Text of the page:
K.C. Conway: You can have four of their stores in the same city. Trader Joe's I think is another good example, Whole Foods. But if you go into one of those stores on the east side of town and then another one on the west side of town, the product offering is totally different because they understand their demographic and the product. And so I think 3D printing will enable retailers to understand, let's take Asprin, "The caplets sell better than gelcaps in this particular market, so we're going to bulk up on this side of town or this region for that product." So I think we're always going to need the warehouse so you just can't, I don't think in the next decade, can bulk up enough the production and inventory in the 3D print process. But maybe in the next decade, and they 3D printed some new hair and it's brown and not gray on me I'll be very happy and change my opinion back, but I don't think it's yet going to be that disruptive. It'll come, but not in the near, one to three, four year time horizon.

Bill Condon: What are a few of the markets that you think across the country will have the biggest rent growth in 2020?

K.C. Conway: Right. So I think when you look at your big primary markets that are aligned with major ports, so you got LA and Long Beach on the west coast, you've got Seattle. You look at a Dallas, you look at an Atlanta, New York, Chicago, those markets, you're almost fully priced. I mean, we're down into the three and four cap rate ranges. I think you're fully priced. Priced to perfection. So rents are going to be slower to go.

K.C. Conway: And as the retailers where they built out kind of their supply chain in those major markets aligned with ports and intermodal and inland ports, they now have reached their tentacles into the secondary markets and put them together. So, a market that just blew me away recently that might surprise some is Salt Lake City on your part of the country. Salt Lake city is just on fire. The infrastructure's there. New airport, rail, interstate, air cargo with a Delta hub. It's very affordable and a couple of things are happening. The west coast markets are finding it is a very cheap place compared to the west coast to go to, and so if you're dealing with more of a warehousing, distribution, manufacturing process, you got to get inland. It used to be a Denver bet, that's out of price controls today. So Salt Lake is one. The other thing that's happening in Salt Lake is there's a cannabis backlash from Colorado, so all of your transportation workers, your transportation maintenance people, they can't pass their random TSA drug tests that are given during the year.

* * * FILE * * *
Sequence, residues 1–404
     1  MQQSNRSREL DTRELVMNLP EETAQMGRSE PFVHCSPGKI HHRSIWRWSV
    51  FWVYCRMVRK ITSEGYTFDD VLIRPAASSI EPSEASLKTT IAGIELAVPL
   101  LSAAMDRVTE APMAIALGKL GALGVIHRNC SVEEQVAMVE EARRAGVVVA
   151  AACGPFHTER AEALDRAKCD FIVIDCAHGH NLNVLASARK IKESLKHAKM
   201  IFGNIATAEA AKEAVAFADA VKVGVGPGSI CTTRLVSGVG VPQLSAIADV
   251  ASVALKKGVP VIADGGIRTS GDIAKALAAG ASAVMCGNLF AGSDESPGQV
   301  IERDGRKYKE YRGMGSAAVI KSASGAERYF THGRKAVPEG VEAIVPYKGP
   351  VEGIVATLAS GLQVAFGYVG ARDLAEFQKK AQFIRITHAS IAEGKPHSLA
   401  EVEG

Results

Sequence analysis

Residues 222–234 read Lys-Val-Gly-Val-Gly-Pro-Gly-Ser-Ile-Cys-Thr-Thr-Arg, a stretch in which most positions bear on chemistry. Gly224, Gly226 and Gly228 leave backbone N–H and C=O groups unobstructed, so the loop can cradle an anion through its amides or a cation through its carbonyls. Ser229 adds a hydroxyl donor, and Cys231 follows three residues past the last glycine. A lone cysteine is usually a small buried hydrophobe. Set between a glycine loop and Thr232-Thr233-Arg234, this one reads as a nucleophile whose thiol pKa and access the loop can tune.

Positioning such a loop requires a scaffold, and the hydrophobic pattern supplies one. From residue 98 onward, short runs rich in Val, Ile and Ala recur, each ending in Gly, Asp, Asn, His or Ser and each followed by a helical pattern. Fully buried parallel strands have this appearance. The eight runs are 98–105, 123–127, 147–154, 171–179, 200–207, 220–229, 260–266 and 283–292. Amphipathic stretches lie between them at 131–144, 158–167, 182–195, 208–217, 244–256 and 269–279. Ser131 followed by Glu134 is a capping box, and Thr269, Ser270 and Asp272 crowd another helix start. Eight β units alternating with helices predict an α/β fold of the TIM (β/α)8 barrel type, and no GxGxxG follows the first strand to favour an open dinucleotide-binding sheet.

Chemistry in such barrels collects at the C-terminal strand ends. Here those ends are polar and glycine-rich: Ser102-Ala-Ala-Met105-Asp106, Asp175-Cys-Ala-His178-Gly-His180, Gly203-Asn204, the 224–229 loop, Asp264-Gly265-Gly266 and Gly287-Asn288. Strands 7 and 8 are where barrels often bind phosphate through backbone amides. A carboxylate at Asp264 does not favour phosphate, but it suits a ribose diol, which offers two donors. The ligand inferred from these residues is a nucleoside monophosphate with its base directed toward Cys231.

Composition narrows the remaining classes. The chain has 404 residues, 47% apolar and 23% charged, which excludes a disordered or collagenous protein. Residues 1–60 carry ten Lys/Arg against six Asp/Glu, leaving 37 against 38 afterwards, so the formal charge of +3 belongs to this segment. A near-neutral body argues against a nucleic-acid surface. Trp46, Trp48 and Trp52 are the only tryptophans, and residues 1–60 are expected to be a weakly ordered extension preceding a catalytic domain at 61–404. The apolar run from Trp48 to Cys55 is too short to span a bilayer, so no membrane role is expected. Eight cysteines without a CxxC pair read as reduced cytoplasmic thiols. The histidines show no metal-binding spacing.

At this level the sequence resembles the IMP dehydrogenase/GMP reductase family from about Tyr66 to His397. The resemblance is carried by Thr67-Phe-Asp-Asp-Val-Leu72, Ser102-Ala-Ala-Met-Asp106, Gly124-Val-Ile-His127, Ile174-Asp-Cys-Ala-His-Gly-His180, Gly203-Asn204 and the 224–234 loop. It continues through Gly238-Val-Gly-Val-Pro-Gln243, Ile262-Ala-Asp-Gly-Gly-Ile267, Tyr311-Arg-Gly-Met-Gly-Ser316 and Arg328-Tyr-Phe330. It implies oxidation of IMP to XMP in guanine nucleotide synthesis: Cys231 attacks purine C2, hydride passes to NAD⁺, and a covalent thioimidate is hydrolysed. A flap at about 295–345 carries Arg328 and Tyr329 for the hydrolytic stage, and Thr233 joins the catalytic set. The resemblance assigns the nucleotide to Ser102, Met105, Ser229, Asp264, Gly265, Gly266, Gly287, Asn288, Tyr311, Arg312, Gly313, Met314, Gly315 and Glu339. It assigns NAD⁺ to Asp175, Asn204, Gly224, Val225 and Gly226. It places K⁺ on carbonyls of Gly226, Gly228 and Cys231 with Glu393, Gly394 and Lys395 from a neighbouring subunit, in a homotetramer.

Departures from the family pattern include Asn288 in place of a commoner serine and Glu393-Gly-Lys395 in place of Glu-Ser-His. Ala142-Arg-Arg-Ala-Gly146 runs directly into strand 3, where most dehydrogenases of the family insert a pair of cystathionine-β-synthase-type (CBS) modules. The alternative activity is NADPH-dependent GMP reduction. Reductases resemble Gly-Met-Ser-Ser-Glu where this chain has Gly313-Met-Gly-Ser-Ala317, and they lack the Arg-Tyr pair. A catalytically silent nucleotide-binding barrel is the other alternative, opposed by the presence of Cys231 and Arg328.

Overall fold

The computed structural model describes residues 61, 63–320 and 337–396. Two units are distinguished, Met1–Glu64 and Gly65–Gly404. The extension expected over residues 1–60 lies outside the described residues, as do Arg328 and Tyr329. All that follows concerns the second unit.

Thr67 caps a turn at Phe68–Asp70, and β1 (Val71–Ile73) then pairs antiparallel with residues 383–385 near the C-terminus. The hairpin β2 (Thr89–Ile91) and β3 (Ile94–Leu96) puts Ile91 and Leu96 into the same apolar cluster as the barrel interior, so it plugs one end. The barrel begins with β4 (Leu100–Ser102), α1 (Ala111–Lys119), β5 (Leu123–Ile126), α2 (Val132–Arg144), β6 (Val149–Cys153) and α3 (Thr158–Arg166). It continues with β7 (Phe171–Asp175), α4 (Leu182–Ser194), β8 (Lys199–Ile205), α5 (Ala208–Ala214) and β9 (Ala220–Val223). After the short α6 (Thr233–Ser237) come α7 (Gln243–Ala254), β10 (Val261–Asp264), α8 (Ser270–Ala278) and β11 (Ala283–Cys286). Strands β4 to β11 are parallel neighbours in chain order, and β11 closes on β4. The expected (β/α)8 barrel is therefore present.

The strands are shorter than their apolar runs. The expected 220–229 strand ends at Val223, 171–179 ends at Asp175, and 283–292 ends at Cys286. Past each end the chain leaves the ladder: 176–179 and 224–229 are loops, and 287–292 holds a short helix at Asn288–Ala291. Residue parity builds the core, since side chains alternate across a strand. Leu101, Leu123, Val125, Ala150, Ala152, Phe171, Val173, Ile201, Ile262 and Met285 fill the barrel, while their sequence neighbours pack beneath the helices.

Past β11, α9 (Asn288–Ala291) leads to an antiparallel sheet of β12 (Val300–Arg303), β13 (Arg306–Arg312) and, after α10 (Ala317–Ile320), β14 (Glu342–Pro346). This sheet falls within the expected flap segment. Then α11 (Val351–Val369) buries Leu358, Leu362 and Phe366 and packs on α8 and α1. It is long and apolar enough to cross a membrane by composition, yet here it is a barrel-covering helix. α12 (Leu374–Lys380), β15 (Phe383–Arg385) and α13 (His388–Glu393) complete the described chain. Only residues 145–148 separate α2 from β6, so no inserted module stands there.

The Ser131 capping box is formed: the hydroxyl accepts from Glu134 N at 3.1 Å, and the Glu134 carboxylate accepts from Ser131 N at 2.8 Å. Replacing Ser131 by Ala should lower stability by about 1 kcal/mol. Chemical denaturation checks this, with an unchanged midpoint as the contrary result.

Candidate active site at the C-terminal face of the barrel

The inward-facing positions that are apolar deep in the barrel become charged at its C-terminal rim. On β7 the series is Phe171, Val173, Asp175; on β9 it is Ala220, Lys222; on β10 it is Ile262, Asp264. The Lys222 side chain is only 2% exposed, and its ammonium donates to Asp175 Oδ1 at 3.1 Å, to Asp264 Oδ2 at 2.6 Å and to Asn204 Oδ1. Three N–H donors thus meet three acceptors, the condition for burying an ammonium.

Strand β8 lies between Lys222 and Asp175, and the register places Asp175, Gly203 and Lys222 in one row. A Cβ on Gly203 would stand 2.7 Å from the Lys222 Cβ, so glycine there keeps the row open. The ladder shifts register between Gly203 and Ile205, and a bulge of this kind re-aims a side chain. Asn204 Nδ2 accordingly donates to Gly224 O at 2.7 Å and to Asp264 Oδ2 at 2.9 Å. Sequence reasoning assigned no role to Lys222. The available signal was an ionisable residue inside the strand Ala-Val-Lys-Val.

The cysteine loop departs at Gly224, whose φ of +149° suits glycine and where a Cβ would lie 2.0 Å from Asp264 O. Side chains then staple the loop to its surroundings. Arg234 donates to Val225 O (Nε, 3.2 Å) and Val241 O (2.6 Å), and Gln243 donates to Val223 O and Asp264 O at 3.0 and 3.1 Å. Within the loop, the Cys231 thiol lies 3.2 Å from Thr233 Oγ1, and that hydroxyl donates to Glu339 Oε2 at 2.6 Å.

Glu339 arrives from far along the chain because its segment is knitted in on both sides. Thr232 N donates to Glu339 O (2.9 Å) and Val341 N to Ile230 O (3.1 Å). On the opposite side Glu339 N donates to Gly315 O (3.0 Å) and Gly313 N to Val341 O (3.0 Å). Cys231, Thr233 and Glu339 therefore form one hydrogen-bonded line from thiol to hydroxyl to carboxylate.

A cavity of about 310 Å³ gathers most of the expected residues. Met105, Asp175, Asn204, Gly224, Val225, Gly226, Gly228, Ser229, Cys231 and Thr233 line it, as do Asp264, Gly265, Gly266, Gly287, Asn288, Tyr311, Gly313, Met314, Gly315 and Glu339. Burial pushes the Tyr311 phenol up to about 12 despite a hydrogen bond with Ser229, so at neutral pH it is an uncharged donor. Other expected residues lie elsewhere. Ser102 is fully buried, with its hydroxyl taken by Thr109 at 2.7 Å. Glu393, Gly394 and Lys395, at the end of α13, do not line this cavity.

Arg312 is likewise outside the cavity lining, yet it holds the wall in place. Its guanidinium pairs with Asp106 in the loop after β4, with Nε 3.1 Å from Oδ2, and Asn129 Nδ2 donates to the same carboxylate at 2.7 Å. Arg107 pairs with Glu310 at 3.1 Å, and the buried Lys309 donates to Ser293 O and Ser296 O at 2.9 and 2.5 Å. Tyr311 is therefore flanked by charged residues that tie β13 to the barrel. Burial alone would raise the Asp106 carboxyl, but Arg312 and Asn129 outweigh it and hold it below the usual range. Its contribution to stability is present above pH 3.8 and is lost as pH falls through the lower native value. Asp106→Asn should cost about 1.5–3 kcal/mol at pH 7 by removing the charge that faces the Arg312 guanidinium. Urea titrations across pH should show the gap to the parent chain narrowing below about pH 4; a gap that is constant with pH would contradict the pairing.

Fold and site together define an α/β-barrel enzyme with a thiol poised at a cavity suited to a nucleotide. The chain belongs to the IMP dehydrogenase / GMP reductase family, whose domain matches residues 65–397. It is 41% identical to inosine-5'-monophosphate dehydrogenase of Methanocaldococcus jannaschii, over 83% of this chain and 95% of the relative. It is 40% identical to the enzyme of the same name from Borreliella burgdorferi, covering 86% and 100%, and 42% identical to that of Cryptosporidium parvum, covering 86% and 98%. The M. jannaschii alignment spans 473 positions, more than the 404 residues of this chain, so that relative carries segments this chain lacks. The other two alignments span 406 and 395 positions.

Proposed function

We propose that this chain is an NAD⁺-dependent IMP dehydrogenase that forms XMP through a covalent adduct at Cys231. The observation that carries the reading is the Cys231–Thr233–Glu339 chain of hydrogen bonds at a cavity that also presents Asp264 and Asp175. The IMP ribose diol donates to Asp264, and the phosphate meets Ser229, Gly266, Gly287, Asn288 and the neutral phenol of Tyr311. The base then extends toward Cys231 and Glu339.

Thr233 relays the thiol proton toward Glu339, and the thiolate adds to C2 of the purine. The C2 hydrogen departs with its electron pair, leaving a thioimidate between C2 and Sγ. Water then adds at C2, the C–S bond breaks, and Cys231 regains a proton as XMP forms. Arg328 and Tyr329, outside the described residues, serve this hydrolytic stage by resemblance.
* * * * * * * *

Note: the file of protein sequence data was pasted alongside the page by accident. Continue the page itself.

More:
K.C. Conway: They might've had a brownie at the wrong weekend while they were skiing over in Vail. And so we're seeing a ton of transportation, transportation maintenance companies pack up out of Colorado and Denver and move into Salt Lake. So Salt Lake is one I think is phenomenal. Another one is Phoenix. Phoenix is an affordability play off the west coast. It's also from a physical infrastructure, the NAFTA highway is there. I love in the Texas markets, Houston is going to be a big one. I'll give you a kind of a contrarian play. So the Houston port and chip channel is congested. It requires a lot of dredging. You got a square off going between the chemical and petro industries that want the tankers having most of the traffic in the in and out versus the growth in container ships.

K.C. Conway: And so they're trying to push them out. Last year they tried to put restrictions on how many could make calls in the Houston port. They're sitting on the alternative solution in their backyard. It's called Port Freeport. And so Port Freeport is going to become to Dallas what The Port of Savannah became to Atlanta, it's main port connection supply chain. I would look in study south and I guess that's east of the Houston port going down through Roseburg, down from Sugarland and Fort Bend County.

K.C. Conway: You've also got three 1-class railroads that connect there. The other one we're seeing is in my backyard Mobile. We're one of the deepest ports in the Gulf Coast and believe it or not, we have more class-1 railroads that connect to the Port of Mobile. We have five of them. Problem is we didn't invest in anything in Alabama until last year we passed legislation to finally start rebuilding and, and putting money into our port. We only had two gantry cranes that couldn't even unload Gilligan's Island's boat that crashed on the rear Island. They were old gantry cranes that didn't have the height or the weight. So we're finally putting money into there. I'd keep an eye on Mobile. We've seen Walmart start developing their alternative supply chain distribution center there in Mobile. That'll bring a lot of stuff out of the Panama Canal and the Gulf and supply, really the whole Gulf region.